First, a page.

Taken together, the language of D.C. Code § 42-1903.13 (a)(2), general principles of foreclosure law, and the legislative history of the provision support a conclusion that Chase Plaza’s foreclosure pursuant to the super-priority lien extinguished JPMorgan’s first deed of trust. See, e.g., 7912 Limbwood Ct. Trust v. Wells Fargo Bank, N.A., 979 F. Supp. 2d 1142, 1146-53 (D. Nev. 2013) (under Nevada law, foreclosure sale on super-priority lien extinguished all junior interests, including first deed of trust); Summerhill Vill. Homeowners Ass’n v. Roughley, 289 P.3d 645, 647-48 (Wash. Ct. App. 2012) (same under Washington law). But see, e.g., Premier One Holdings, Inc. v. BAC Home Loans Servicing LP, No. 2:13-CV-895, 2013 WL 4048573, at *3-6 (D. Nev. Aug. 9, 2013) (under Nevada law, homeowner association’s foreclosure on super-priority lien did not extinguish first deed of trust, and foreclosure-sale purchaser took property subject to first deed of trust) (citing cases); Bayview Loan Servicing, LLC v. Alessi & Koenig, LLC, 962 F. Supp. 2d 1222, 1226-30 (D. Nev. 2013) (same).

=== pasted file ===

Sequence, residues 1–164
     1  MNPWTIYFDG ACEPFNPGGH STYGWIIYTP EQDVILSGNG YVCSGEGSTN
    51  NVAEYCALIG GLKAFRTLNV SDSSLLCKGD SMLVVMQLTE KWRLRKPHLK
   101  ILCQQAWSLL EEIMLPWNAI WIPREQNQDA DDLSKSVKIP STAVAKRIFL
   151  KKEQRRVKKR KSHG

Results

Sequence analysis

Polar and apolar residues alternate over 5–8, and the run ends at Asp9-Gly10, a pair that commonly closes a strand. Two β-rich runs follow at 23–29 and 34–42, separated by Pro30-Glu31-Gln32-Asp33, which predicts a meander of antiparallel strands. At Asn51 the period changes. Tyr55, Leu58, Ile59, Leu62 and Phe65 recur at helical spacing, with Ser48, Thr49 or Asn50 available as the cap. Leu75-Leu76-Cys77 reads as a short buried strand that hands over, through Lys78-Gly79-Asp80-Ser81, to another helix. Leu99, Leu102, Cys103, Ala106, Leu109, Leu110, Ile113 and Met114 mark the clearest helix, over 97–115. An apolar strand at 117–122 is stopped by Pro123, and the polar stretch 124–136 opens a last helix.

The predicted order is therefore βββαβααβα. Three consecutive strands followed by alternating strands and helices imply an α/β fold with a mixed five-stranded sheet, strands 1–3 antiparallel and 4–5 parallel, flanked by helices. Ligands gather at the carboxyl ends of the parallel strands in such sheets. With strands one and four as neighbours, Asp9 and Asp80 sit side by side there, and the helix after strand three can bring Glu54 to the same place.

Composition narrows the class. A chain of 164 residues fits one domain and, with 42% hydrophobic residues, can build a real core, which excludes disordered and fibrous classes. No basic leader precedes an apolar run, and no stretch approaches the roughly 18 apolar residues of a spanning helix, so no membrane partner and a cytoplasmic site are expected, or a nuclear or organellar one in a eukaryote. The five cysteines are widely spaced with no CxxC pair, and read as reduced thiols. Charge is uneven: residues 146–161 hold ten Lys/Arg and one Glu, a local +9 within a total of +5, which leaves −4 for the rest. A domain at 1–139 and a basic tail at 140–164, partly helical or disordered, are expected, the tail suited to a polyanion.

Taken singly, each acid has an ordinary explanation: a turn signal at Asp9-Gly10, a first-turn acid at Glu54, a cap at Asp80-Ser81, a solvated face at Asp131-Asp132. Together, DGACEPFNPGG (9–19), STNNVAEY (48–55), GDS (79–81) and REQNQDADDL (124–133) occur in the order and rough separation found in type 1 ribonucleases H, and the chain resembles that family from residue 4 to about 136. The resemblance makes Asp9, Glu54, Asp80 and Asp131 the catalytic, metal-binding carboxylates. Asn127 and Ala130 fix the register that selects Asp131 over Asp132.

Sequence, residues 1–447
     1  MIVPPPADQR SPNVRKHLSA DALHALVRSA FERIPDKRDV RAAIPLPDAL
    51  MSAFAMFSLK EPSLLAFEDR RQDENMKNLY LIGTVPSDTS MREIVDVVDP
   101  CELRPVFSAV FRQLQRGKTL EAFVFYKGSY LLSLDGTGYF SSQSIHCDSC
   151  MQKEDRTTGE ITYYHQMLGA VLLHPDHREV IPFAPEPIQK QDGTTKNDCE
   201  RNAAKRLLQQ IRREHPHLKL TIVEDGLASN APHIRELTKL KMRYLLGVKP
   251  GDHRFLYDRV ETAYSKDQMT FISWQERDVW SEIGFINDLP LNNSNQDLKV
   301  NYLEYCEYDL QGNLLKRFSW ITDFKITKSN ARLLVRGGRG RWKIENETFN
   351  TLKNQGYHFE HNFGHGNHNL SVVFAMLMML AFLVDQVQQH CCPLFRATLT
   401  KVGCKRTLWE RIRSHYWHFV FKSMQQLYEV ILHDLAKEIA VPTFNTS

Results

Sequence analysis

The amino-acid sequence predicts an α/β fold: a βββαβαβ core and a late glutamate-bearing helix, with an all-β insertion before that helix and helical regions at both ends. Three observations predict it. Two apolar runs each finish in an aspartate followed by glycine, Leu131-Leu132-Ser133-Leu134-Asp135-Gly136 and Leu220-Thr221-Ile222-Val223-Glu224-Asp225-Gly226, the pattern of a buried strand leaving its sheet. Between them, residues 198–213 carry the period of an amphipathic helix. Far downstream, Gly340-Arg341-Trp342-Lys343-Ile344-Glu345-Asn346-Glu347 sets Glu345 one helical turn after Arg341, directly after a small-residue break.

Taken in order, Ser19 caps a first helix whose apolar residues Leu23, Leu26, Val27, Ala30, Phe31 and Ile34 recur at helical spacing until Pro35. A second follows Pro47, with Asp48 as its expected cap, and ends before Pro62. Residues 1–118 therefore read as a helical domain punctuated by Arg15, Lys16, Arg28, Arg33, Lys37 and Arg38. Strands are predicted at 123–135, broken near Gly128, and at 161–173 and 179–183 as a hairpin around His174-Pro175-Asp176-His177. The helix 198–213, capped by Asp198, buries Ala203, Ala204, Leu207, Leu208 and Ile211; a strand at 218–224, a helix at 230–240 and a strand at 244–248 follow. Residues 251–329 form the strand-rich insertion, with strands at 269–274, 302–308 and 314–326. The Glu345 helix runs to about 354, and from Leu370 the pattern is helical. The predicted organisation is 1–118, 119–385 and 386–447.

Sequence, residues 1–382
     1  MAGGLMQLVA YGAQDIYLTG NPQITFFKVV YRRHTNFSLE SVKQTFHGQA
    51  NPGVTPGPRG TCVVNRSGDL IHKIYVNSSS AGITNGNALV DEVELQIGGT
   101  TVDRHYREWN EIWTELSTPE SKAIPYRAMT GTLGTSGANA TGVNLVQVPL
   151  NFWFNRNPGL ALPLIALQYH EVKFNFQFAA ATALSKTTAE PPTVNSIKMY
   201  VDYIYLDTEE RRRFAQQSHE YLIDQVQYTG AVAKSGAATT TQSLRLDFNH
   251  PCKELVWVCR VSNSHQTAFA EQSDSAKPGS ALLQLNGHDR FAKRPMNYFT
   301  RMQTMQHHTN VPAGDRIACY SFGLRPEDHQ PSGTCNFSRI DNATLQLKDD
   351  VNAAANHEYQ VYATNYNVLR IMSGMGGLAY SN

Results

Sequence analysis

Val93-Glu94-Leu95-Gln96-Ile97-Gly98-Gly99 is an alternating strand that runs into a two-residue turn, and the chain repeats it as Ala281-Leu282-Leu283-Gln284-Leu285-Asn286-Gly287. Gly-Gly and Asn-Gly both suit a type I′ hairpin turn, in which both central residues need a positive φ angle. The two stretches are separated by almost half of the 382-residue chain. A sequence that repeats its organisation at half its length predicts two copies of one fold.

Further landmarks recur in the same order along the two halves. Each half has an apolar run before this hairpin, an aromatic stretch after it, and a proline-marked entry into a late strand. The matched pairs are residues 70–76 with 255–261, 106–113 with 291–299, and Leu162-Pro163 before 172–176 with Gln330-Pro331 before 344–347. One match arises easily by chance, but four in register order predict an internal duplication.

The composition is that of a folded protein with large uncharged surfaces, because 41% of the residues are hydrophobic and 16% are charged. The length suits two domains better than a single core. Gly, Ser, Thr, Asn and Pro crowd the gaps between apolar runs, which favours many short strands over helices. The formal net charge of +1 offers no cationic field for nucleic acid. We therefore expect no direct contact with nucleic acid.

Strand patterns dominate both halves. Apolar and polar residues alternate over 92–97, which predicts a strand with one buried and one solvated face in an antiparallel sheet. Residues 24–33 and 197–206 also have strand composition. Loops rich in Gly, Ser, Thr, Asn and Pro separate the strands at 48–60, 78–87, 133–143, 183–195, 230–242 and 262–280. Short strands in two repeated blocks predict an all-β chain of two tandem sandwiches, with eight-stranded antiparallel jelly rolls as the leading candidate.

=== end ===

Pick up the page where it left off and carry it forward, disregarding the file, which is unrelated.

We are not persuaded by JPMorgan’s arguments to the contrary. First, JPMorgan contends that D.C. Code § 42-1903.13 (a)(2) does not allow foreclosure on a super-priority lien to extinguish a first deed of trust, because the provision does not explicitly state that the super-priority lien is a “senior lien” and that the first deed of trust is a “junior lien.” JPMorgan does not cite authority for its contention that the use of the terms “senior lien” and “junior lien” is essential to the application of the general principle that foreclosure on a lien with higher priority extinguishes a lien with lower priority. To the contrary, our cases discussing that principle of foreclosure law do not invariably use the terms “senior lien” and “junior lien.” See, e.g., Pappas, 911 A.2d at 1234 (“[W]here a valid foreclosure sale yields proceeds insufficient to satisfy a priority lien, the result is extinguishment of subordinate liens.”) (citing cases). Moreover, there is no mention of the terms “senior lien” or “junior lien” in Title 42, Chapter 8 of the D.C. Code, which governs mortgages and deeds of trust, D.C. Code § 42-801 et seq. (2012 Repl.), or in Title 40 of the D.C. Code, which governs liens. D.C. Code § 40-101 et seq. (2012 Repl.). Under the logic of JPMorgan’s theory, the absence of such terminology would mean that foreclosure on the liens governed by these provisions could not operate to extinguish liens with lower priority, which would turn the general rule of foreclosure law on its head. Focusing more specifically on the Condominium Act, § 42-1903.13 (a)(1)(B) does not use the term “senior lien” when referring to the priority of the first deed of trust, but JPMorgan concedes that foreclosure on the first deed of trust extinguishes liens with lower priority. In sum, the terms “senior lien” and “junior lien” are simply one way of referring to liens with higher and lower priority, see supra page 16 n.4, and the absence of those terms from § 42-1903.13 (a)(2) does not affect the applicability of the general rule that foreclosure on a lien with greater priority extinguishes liens with lower priority.